Retailers Are Slashing Prices But These Brands Are Selling Through
Retail data and analytics firm EDITED analyzed 75 major U.S. online retailers stocking more than 27,500 apparel, accessory and footwear brands and identified some telling developments and trends.
For one, the rate of discounts have skyrocketed so far this month. While the rate of discounts in September was up a mere 2.8 percent compared to last year, it’s increased to 32.6 percent in October year-on-year.
“The retail sector is already engaging in an aggressive discounting strategy with limited consumer spending," says Katie Smith, senior retail analyst. "However, as retailers are limiting new assortments at the same time, this means they are not overstocking inventory that could lead to even deeper price reductions."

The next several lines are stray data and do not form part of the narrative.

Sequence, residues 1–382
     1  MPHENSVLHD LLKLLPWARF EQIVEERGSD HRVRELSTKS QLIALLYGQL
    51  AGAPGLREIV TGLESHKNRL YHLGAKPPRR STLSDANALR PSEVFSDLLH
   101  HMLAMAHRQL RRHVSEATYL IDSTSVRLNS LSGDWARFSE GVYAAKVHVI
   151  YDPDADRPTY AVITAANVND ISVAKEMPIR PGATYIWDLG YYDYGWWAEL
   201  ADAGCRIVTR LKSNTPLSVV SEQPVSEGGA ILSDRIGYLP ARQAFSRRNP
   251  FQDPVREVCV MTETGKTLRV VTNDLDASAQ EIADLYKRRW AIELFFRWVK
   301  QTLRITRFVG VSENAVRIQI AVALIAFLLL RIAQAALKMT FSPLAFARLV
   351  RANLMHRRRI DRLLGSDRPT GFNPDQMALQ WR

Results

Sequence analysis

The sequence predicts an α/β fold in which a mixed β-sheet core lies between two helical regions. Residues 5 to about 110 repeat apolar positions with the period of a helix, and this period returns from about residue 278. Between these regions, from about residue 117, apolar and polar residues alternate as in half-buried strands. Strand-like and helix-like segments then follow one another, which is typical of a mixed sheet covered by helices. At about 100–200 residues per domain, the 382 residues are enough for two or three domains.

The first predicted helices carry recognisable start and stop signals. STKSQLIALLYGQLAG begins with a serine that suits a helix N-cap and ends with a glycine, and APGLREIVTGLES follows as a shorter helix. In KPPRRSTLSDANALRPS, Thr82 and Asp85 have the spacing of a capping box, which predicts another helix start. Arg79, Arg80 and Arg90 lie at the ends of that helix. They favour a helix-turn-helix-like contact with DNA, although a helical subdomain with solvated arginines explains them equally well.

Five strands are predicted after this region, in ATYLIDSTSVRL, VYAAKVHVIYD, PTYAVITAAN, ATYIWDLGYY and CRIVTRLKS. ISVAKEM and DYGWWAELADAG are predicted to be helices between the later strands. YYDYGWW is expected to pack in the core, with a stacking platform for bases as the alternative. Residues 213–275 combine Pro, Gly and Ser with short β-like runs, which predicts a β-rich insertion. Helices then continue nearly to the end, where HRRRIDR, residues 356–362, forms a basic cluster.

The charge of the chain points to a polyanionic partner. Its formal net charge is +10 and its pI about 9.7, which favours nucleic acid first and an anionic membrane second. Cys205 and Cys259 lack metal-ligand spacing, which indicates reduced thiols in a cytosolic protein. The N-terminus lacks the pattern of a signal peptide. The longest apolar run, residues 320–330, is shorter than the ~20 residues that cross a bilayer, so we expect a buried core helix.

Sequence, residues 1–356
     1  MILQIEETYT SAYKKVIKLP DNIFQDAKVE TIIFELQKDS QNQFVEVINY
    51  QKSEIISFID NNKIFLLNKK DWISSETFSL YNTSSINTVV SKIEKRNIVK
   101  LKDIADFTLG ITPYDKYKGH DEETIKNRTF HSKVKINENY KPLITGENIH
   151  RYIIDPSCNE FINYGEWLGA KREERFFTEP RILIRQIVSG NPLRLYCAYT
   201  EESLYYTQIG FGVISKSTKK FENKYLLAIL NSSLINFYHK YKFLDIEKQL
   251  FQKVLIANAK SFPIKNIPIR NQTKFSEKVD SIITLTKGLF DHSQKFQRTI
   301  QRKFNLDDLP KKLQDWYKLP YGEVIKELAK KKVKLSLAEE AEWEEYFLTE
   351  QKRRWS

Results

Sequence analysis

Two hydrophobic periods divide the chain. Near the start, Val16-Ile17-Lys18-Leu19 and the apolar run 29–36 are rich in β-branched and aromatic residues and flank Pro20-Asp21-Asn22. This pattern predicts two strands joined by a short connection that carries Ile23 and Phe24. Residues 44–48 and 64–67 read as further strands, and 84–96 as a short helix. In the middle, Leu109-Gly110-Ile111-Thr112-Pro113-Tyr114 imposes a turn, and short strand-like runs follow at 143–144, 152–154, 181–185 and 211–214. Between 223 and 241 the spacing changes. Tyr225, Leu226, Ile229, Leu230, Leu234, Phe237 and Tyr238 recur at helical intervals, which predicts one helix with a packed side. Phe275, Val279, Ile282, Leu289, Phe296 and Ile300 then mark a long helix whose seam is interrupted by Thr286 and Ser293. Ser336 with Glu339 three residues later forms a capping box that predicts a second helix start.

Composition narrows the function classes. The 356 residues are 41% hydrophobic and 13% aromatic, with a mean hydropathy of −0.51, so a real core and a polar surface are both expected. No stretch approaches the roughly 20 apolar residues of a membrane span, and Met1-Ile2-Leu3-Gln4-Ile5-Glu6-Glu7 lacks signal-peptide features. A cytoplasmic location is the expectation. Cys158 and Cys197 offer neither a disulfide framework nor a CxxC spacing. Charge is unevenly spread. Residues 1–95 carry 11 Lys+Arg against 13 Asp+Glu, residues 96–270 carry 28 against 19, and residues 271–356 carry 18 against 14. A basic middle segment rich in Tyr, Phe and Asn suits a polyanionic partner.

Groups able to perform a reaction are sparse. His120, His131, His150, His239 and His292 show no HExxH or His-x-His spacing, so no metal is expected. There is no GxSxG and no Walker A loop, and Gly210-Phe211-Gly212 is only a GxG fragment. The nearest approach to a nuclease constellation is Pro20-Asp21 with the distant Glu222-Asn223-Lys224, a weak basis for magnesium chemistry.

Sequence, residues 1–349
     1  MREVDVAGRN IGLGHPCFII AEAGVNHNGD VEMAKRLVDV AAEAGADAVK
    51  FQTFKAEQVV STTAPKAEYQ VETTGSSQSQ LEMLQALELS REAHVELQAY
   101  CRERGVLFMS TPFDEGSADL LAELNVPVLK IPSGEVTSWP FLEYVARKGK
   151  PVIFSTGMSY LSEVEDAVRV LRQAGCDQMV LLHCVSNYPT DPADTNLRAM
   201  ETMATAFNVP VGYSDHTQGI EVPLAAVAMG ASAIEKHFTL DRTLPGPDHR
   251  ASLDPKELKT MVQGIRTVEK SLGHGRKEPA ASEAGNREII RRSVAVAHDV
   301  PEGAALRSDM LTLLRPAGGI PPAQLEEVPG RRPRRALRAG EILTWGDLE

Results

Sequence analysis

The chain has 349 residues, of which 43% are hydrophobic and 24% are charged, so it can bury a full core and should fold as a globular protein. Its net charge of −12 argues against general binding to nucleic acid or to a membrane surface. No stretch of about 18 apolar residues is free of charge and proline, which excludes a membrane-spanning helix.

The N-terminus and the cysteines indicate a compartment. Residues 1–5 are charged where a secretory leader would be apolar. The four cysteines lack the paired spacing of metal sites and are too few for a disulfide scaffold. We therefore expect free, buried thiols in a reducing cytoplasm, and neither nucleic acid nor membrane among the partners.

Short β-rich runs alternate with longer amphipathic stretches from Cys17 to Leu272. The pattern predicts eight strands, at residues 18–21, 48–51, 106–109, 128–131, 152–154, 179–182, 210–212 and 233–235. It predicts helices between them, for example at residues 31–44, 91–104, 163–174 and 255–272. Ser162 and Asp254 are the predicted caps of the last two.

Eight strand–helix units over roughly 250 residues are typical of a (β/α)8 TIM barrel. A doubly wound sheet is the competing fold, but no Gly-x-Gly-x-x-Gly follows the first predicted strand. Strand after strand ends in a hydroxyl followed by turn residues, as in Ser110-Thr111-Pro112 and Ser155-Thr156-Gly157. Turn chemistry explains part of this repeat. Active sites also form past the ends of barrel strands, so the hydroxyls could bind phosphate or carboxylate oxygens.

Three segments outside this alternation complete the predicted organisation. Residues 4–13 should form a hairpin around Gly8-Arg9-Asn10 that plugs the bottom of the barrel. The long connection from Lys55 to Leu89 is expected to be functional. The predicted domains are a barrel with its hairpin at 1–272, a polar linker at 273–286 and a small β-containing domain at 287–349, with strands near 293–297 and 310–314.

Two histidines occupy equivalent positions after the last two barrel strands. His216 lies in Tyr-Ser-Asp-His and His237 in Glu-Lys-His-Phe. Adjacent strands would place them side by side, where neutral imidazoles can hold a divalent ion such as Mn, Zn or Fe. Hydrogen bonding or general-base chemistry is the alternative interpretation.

Bucking the trend of diversifying assortments to differentiate the store experience, there were 13.5 percent fewer new arrivals in September 2017 versus September 2016, as retailers look to slash prices with current inventory to encourage online shopping. This grew to 24 percent fewer new arrivals in October 2017 year-on-year.
Discounts are deeper this year. While retailers average 20 percent to 30 percent for initial discounts, in September this year, 42 percent of initial discounts were at 40 percent or higher. Steeper discounts were primarily with jewellery, bags and watches, particularly with brands like Effy, Liz Claiborne and Kate Spade.
Who's leading in all of this price slashing? Macy’s, Nordstrom Rack and ASOS have made the highest number of price reductions since September, while Nike, Missguided and Adidas experienced the highest number of full-price sellouts in September.
Pumpkin spice just arrived but somehow...'tis the season: consumers have commenced holiday spending. Full-price sellouts of products were up 0.3 percent in September year over year.
"While holiday sales happen earlier each year, retailers must remember that it’s a three-month marathon, where making the right decisions is critical to avoid sacrificing margins,” Smith adds.